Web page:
Co-design and learning around diversification for resilient agrifood systems in Kenya
Year in year out, I relied on maize which would fail due to extended droughts and unpredictable rainy seasons, and this would leave us hungry. However, for the past two seasons, using crop diversification and water management technologies, I can harvest beans then follow it up with maize. My family is assured of food, commented Mary Mbuya of Runyenjes, Embu County.
Maize-mixed systems cover over 75% of the cropping land in Kenya, with smallholders dominating the farming systems. Unfortunately, the maize-growing area faces occasional drought stress, resulting in yield losses, in some instances up to 100%. Without alternatives livelihoods, many households have been left at the blink of starvation. The threat of climate change has generated a deep desire to build resilience to the maize faming systems through crop diversification.
Crop diversification seeks to promote crop diversity by crop rotation, multiple cropping, or intercropping, with the goal of improving productivity, sustainability, and supply of ecological systems. Diversifying systems entails using varieties and seeds adapted to local climate and pests, sustainable mechanization, applying soil and water conservation practices, improve water management and investing in agricultural knowledge application.
Crop diversification has proven beneficial not just because it’s an innovative farming technique, but also because it manages to overcome a lot of farming problems caused by changing environment, noted Dr. Boaz Waswa, Ukama Ustawi WP 1 Kenya Lead.
The Alliance-CIAT, working with Kenya Agricultural and Livestock Research Organization (KALRO), is implementing UkamaUstawi (UU): Diversification for Resilient Agri-food in East and Southern Africa, that aims to help millions of smallholders intensify, diversify and de-risk maize-mixed farming through improved extension services, institutional capacity strengthening, targeted farm management bundles, policy support, enterprise development and private investment. The Ukama Ustawi activities in Kenya are being implemented in Nakuru, Embu, Narok, Kakamega and Makueni Counties.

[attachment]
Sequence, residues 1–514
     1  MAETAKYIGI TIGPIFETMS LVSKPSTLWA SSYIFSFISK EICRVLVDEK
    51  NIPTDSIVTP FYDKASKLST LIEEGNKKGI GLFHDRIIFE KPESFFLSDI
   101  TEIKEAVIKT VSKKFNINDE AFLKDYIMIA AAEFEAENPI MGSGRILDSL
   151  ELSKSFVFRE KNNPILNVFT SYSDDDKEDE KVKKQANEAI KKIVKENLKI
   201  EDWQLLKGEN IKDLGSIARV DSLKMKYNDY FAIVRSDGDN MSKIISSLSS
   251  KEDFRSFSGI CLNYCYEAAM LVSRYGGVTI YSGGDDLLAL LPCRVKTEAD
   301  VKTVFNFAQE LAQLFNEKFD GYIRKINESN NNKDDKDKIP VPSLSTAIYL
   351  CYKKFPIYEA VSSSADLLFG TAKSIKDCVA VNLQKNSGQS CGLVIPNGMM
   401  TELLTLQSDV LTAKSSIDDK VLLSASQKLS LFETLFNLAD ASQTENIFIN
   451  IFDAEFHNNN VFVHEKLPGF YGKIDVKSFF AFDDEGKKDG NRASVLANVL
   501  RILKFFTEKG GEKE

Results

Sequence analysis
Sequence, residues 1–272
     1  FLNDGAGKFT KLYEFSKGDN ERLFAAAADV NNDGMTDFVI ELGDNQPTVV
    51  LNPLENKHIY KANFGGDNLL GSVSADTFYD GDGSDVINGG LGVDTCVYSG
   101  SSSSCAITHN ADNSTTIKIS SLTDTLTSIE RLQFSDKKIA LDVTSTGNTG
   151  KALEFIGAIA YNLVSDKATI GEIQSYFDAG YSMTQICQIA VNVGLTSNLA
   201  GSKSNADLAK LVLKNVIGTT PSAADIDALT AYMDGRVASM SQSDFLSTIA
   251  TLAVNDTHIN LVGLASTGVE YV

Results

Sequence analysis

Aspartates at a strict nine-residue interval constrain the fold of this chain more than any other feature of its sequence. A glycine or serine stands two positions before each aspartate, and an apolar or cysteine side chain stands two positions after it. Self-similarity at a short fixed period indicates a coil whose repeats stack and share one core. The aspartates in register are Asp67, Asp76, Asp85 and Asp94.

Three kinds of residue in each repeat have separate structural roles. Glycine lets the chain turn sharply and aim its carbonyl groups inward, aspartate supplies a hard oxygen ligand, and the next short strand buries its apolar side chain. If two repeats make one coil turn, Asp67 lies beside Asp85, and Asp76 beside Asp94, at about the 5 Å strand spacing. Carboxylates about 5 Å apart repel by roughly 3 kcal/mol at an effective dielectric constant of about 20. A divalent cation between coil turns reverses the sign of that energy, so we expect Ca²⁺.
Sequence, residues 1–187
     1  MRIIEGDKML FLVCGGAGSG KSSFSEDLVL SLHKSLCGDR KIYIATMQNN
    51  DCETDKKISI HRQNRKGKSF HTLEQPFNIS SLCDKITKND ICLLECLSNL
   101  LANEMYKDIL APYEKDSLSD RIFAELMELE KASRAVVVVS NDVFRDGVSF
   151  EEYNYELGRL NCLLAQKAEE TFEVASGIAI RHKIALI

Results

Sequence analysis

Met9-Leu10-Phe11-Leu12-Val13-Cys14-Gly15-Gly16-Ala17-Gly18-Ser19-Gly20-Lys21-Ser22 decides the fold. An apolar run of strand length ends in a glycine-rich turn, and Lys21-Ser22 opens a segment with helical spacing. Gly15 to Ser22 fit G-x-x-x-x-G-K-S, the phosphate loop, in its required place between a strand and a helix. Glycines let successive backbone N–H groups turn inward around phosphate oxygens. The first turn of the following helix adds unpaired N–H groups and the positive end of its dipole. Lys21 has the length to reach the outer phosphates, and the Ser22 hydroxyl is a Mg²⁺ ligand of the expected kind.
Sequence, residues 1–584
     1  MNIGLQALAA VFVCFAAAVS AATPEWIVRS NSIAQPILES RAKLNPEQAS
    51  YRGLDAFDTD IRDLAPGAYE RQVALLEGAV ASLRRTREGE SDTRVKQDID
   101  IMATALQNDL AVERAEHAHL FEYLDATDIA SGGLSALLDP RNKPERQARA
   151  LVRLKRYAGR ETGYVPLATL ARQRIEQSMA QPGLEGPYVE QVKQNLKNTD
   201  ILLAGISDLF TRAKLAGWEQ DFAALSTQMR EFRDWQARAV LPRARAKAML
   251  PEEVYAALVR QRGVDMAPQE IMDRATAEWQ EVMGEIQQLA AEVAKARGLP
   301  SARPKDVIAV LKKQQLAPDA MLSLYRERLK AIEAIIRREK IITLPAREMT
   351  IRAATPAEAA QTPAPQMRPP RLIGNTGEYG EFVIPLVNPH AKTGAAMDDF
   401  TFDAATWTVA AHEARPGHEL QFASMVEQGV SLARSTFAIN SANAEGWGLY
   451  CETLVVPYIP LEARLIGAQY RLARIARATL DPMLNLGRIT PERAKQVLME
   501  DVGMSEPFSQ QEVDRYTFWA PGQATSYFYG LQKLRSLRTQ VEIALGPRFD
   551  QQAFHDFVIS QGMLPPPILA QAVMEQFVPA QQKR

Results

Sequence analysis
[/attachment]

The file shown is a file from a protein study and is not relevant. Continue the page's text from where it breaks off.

Through the Initiative, KALRO and the farmer groups in Embu County in eastern Kenya used the Mother & Baby Approach to facilitate learning around diversified and resilient cropping systems. Mother & Baby approach is a trial design, and one approach of conducting on-farm participatory action research. The approach facilitates conversations among farmers, extension, and researchers around new innovations.
Using this approach, KALRO researchers and the farmers in Embu County established 6 mother demos on Lead Farmers fields showcasing a set of diverse crop diversification technologies integrating maize and legumes under monocropping, rotation, intercropping and strip cropping systems and complementary technologies include use of manure and fertilizer, furrows, planting pits, mulch and other good agronomic practices. Beyond the mother demos, other farmers established 176 Baby demos on their farms with one or two preferred technologies of their choice. Baby demos serve for own farmer validation and scaling of the promising and preferred technologies. The technologies have been summarized in a easy-to-read brochure that is available to share with the farmers.
Over the two cropping seasons, the farmers, extension, and researchers interacted learning around the technologies. Farmer field days were recently held at two of the mother demo sites in Kirangano village in Runyenjes Sub County and Gichegeri in Manyatta Sub County enabling further farmer-to-farmer learning. The field days drew in over 231 participants including farmers, county agriculture officers, NGOs and private agroinput dealers of whom 160 were women and 71 men.